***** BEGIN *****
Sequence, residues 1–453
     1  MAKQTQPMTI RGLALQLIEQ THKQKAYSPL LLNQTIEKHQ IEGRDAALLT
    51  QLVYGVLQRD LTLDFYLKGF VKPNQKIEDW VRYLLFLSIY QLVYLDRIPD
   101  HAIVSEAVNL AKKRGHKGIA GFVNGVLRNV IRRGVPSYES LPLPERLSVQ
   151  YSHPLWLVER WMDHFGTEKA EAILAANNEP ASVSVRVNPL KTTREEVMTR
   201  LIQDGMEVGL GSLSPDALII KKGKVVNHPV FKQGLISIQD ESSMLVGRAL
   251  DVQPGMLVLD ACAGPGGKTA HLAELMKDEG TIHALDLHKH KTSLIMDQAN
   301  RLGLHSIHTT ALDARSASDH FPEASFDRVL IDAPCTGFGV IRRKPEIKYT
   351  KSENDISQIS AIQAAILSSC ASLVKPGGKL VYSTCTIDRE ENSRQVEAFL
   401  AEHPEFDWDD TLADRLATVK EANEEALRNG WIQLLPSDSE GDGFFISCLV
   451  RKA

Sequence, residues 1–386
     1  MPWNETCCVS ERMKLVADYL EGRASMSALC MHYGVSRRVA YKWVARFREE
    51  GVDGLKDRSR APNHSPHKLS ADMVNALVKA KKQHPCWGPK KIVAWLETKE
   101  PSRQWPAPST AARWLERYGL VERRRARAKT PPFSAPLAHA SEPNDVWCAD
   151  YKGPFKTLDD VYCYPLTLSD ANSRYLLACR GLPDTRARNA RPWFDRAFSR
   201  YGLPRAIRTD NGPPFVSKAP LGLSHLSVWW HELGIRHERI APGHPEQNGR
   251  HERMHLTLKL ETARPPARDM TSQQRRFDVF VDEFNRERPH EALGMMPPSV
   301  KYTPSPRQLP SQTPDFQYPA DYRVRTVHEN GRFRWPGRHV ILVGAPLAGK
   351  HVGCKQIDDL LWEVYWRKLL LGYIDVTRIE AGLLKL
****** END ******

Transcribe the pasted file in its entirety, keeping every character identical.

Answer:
Sequence, residues 1–453
     1  MAKQTQPMTI RGLALQLIEQ THKQKAYSPL LLNQTIEKHQ IEGRDAALLT
    51  QLVYGVLQRD LTLDFYLKGF VKPNQKIEDW VRYLLFLSIY QLVYLDRIPD
   101  HAIVSEAVNL AKKRGHKGIA GFVNGVLRNV IRRGVPSYES LPLPERLSVQ
   151  YSHPLWLVER WMDHFGTEKA EAILAANNEP ASVSVRVNPL KTTREEVMTR
   201  LIQDGMEVGL GSLSPDALII KKGKVVNHPV FKQGLISIQD ESSMLVGRAL
   251  DVQPGMLVLD ACAGPGGKTA HLAELMKDEG TIHALDLHKH KTSLIMDQAN
   301  RLGLHSIHTT ALDARSASDH FPEASFDRVL IDAPCTGFGV IRRKPEIKYT
   351  KSENDISQIS AIQAAILSSC ASLVKPGGKL VYSTCTIDRE ENSRQVEAFL
   401  AEHPEFDWDD TLADRLATVK EANEEALRNG WIQLLPSDSE GDGFFISCLV
   451  RKA

Sequence, residues 1–386
     1  MPWNETCCVS ERMKLVADYL EGRASMSALC MHYGVSRRVA YKWVARFREE
    51  GVDGLKDRSR APNHSPHKLS ADMVNALVKA KKQHPCWGPK KIVAWLETKE
   101  PSRQWPAPST AARWLERYGL VERRRARAKT PPFSAPLAHA SEPNDVWCAD
   151  YKGPFKTLDD VYCYPLTLSD ANSRYLLACR GLPDTRARNA RPWFDRAFSR
   201  YGLPRAIRTD NGPPFVSKAP LGLSHLSVWW HELGIRHERI APGHPEQNGR
   251  HERMHLTLKL ETARPPARDM TSQQRRFDVF VDEFNRERPH EALGMMPPSV
   301  KYTPSPRQLP SQTPDFQYPA DYRVRTVHEN GRFRWPGRHV ILVGAPLAGK
   351  HVGCKQIDDL LWEVYWRKLL LGYIDVTRIE AGLLKL